One question that the Beyond Citation team is considering is the scholarly authority of a database. Yale University Library addresses the question of scholarly authority in a handout entitled the “Web vs. Library Databases,” a guide for undergraduates. The online PDF states that information on the web is “seldom regulated, which means the authority is often in doubt.” By contrast, “authority and trustworthiness are virtually guaranteed” to the user of library databases.

Let’s leave aside for the moment the question of whether scholars should always prefer the “regulated” information of databases to the unruly data found on the Internet. While Yale Library may simply be using shorthand to explain academic databases to undergraduates, to the extent that they are equating databases and trustworthiness, I think they may be ceding authority to databases too readily and missing some of the complexity of the current digital information landscape.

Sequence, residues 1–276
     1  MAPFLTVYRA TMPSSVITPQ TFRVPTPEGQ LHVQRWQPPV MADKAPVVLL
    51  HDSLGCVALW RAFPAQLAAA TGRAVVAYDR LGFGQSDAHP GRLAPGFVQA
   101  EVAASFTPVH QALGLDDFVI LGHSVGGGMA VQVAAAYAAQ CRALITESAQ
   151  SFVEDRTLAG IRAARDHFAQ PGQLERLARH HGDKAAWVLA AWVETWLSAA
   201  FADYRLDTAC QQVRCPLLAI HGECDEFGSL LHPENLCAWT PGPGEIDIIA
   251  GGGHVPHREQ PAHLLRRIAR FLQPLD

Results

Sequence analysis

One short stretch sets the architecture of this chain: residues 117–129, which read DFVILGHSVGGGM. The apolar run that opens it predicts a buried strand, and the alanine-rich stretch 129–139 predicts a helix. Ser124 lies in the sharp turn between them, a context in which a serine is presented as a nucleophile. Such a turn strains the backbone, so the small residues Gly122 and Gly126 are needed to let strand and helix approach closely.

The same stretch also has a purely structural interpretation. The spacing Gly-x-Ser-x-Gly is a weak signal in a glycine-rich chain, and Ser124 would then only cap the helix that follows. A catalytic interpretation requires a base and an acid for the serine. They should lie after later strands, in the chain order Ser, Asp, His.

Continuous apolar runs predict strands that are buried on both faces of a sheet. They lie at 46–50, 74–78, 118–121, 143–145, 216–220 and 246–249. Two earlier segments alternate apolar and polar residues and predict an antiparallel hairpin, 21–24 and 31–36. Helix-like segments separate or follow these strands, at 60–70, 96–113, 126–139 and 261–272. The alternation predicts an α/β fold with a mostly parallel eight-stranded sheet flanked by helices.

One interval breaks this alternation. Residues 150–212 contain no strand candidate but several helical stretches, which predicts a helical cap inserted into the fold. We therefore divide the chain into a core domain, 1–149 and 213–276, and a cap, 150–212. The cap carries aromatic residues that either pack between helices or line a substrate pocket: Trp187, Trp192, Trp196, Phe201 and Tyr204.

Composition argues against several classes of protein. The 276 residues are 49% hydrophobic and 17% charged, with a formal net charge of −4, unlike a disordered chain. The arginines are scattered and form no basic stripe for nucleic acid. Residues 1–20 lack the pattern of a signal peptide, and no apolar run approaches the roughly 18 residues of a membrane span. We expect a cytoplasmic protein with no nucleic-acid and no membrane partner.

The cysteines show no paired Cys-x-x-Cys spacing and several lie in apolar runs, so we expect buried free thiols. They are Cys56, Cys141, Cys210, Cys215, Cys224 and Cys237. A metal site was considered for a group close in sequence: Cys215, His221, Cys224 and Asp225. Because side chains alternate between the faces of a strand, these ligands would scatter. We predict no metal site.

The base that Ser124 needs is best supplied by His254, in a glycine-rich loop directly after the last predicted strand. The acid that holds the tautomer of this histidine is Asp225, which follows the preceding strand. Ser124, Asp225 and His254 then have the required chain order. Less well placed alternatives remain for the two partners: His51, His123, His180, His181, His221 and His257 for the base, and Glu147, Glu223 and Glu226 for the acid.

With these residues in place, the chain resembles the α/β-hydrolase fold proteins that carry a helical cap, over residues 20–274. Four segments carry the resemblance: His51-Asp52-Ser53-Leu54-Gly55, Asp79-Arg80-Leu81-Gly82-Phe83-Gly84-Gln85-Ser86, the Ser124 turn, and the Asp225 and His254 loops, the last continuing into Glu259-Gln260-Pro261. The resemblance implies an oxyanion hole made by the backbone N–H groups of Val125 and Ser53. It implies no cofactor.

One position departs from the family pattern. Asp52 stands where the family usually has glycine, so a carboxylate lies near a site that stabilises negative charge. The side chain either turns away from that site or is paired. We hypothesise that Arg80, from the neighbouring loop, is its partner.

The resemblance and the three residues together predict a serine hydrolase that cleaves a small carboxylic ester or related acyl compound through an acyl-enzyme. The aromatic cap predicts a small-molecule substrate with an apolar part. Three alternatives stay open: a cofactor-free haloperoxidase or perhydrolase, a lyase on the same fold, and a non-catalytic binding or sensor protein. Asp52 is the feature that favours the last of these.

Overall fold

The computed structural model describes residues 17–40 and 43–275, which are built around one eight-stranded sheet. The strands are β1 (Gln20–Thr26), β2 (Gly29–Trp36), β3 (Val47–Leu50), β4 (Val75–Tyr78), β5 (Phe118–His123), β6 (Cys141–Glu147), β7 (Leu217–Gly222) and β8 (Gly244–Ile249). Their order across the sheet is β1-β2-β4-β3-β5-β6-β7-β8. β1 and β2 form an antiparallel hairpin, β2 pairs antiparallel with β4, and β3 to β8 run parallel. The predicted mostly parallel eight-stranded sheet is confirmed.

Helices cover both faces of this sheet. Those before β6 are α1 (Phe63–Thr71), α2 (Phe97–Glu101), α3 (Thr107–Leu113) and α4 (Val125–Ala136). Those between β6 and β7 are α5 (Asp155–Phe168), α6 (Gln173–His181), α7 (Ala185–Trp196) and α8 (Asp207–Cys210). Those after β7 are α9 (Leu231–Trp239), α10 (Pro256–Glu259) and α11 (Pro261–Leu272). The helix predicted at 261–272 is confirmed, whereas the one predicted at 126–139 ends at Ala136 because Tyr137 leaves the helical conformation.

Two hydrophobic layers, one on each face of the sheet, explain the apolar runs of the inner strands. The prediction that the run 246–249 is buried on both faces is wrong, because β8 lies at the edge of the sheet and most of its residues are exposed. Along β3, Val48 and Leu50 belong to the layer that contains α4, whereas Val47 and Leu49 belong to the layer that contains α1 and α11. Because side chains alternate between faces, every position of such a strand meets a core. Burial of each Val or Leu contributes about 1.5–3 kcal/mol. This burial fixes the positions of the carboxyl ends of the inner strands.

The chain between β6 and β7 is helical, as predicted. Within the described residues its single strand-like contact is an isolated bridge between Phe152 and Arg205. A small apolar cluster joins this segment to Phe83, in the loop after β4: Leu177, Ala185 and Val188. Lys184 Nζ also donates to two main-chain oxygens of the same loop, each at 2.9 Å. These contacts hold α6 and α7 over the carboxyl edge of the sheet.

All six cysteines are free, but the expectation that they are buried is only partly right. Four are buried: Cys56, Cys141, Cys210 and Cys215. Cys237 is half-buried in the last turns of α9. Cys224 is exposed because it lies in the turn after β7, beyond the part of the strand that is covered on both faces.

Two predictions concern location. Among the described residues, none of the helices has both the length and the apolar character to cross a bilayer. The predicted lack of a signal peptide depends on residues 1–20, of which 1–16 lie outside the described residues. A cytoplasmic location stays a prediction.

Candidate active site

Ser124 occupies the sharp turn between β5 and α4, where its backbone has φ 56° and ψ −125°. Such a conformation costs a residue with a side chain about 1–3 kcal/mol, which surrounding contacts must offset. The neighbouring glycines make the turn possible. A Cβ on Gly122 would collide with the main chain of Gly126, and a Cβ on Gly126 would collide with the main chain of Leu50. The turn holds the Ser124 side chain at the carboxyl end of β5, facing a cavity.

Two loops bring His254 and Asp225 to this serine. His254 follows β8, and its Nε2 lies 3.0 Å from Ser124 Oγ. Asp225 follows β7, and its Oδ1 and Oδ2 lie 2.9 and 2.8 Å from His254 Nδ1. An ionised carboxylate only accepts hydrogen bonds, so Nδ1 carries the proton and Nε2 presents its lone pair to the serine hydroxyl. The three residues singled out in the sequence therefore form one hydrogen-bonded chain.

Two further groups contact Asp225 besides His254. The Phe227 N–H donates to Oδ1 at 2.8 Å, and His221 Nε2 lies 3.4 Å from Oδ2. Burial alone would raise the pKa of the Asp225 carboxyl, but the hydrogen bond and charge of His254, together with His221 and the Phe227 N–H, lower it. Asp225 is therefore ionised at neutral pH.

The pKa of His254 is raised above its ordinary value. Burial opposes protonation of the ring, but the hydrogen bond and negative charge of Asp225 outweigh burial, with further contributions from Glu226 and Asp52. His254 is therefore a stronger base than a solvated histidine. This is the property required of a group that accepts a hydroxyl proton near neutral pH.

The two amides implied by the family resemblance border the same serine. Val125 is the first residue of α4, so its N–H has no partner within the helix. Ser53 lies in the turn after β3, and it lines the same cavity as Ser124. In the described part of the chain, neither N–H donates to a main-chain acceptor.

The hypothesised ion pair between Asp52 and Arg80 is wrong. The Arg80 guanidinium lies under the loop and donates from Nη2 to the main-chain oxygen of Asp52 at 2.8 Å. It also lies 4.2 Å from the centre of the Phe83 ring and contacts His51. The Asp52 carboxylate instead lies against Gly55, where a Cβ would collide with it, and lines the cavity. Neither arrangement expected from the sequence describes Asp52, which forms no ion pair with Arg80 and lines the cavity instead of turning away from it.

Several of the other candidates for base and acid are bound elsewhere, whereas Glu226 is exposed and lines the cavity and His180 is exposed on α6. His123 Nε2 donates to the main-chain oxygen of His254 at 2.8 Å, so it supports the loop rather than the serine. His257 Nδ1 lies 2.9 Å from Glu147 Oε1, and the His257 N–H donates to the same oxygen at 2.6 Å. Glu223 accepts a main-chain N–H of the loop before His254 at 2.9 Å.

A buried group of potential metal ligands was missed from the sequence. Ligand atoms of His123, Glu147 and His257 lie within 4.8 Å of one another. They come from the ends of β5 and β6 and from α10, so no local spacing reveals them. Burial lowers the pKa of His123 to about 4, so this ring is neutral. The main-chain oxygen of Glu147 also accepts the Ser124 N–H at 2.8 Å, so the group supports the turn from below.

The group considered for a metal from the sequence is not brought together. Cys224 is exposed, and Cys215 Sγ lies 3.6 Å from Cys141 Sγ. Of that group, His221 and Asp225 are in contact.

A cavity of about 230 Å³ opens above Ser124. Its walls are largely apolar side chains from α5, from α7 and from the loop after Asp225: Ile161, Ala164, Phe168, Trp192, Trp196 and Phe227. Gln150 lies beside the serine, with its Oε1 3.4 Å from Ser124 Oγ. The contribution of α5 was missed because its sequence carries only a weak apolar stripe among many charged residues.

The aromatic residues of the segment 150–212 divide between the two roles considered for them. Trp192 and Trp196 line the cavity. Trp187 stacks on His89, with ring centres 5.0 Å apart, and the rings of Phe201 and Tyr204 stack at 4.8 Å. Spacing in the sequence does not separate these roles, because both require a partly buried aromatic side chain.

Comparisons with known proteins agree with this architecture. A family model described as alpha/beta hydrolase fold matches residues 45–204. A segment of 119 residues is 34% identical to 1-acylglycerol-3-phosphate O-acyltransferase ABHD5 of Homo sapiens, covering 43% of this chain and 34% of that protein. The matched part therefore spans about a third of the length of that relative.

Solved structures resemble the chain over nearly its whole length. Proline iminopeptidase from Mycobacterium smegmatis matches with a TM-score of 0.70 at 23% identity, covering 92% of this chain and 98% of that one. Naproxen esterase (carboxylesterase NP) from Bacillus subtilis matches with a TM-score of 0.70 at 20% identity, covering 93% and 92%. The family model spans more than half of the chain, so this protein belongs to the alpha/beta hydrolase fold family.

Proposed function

Yale Library cites Academic Search and Lexis-Nexis as examples of databases. Lexis-Nexis is a compendium of news articles, broadcast transcripts, press releases, law cases, as well as Internet miscellany. Lexis-Nexis is probably authoritative in the sense that one can be comfortable that the items accessed are the actual articles obtained directly from publishers and thus contain the complete texts of articles (with images removed). In that limited sense, items in Lexis-Nexis are certainly more reliable than results obtained from a web search. (Although this isn’t true for media historians who want to see the entire page with pictures and advertisements included. For that, try the web or another newspaper database). Despite its relatively long pedigree for an electronic database, careful scrutiny of results is just as crucial when doing a search in Lexis-Nexis as it is for an Internet search.